The Butler’s Creek Community Garden on North Augusta Road includes 22 householder plots, a shared herb garden, shared raspberry, black currant, rhubarb and horseradish patches, and a pollinating flower garden. A compost system is working really well, providing plenty of composted organic matter for the gardens. All were encouraged to donate surpluses to Loaves and Fishes, the Brockville and Area Food Bank or the Food Cupboard run by the Baptist Church. There are three plots still available for the 2021 season. Contact garden coordinator Nancy Raitt at nancyraitt@corptype.ca

[ more… ]

Giving the green thumbs up to community gardens in LG&L

Leeds, Grenville & Lanark District Health Unit / Press Release / 1 May 2020

Residents in Leeds, Grenville and Lanark will be able to start planting in community gardens soon. On April 25, 2020 the government of Ontario lifted restrictions, allowing community gardens to operate following the guidance of the local Medical Officer of Health. Dr. Paula Stewart, Medical Officer of Health for the Leeds, Grenville and Lanark District Health Unit supports Ontario’s decision. ”Community gardens increase access to healthy foods, provide a sense of community belonging, and support mental well-being, and physical activity”.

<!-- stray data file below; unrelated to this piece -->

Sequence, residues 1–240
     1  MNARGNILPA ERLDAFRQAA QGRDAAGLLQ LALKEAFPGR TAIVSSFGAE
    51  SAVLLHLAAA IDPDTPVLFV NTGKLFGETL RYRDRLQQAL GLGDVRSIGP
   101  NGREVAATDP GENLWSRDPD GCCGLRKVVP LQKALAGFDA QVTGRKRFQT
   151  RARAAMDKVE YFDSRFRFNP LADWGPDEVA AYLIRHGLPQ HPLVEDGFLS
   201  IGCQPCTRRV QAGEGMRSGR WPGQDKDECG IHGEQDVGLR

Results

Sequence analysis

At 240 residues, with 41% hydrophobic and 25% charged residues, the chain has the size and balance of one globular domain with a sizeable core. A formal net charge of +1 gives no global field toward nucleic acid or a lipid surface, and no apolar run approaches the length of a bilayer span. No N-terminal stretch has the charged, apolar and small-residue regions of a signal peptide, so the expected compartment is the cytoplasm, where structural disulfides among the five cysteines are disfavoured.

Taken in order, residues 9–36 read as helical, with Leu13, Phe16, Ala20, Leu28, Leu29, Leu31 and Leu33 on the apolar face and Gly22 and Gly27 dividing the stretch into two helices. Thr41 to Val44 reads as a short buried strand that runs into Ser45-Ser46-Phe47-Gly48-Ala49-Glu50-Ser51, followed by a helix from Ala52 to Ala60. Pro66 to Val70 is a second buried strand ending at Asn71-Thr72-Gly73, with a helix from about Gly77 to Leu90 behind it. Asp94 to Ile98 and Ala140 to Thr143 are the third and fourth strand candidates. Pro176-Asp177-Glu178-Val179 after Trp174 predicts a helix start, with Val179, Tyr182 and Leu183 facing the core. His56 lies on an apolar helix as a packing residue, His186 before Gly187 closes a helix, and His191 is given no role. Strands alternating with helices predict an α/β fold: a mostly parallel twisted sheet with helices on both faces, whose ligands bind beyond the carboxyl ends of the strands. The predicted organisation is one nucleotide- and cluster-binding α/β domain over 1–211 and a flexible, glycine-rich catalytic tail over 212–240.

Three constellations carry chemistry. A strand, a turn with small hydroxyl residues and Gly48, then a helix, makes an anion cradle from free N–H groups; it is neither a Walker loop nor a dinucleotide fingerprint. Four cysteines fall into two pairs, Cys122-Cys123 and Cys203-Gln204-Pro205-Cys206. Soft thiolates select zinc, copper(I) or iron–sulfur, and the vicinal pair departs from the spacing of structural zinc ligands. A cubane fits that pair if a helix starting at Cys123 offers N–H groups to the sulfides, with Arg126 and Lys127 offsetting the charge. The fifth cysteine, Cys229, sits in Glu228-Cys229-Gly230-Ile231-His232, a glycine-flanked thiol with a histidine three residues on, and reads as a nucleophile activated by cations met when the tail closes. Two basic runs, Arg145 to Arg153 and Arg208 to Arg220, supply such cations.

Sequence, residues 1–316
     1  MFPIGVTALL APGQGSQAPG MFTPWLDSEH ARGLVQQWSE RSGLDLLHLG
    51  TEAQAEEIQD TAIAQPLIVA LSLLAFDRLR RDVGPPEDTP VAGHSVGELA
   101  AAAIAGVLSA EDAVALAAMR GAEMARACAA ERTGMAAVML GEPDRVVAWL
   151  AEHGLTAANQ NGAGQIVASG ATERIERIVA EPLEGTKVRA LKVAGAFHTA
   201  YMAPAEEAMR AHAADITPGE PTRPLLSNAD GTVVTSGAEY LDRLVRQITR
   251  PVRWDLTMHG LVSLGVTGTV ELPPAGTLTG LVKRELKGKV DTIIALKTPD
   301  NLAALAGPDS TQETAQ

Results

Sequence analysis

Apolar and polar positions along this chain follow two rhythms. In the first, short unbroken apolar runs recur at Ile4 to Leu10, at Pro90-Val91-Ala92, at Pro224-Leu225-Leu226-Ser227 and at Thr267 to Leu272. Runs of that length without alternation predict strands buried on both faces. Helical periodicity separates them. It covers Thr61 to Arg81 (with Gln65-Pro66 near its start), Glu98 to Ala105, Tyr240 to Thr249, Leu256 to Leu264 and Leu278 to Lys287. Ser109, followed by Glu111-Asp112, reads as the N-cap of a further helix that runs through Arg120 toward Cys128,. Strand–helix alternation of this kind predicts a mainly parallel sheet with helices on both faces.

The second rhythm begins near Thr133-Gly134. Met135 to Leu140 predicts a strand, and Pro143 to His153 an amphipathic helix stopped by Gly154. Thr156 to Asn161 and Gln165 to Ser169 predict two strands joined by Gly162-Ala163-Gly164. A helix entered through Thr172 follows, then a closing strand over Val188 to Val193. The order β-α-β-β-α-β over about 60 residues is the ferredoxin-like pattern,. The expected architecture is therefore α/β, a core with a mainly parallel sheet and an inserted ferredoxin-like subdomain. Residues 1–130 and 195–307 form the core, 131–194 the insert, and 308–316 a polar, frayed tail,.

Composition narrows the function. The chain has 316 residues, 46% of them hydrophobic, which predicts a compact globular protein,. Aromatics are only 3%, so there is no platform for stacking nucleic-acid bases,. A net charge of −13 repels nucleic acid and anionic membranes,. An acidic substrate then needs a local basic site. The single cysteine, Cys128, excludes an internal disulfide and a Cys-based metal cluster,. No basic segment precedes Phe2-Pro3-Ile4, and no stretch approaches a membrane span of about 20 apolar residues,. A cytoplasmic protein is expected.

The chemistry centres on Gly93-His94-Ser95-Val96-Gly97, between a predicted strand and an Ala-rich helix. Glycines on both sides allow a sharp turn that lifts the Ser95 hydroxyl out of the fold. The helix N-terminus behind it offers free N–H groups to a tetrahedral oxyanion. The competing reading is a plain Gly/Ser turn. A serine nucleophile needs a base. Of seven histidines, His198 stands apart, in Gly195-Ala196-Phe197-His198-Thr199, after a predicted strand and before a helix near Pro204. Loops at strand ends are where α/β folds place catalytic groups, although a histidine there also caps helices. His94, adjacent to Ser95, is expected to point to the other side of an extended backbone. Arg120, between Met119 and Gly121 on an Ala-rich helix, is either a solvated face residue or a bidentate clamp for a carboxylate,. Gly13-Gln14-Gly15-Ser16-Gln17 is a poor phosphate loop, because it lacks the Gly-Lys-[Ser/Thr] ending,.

Under the provincial Emergency Order, only gardens with the capacity to follow the requirements are permitted to operate.The Health Unit has prepared safe operating requirements for local municipalities, community organizations related to: entrance restrictions, physical distancing, hand hygiene, sharing and cleaning of equipment, signage, and communication.

In addition, rules and guidelines for community gardeners have been developed and should be followed by all users.

[ FULL PRESS RELEASE ]

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The Transition Framework

Transition initiatives share many of the same goals as other groups, and work collaboratively with a variety of organizations in their local areas. Transition differs in that it focuses specifically on preparing communities for the changes associated with unprecedented resource depletion and transitioning away from fossil-fuel dependency.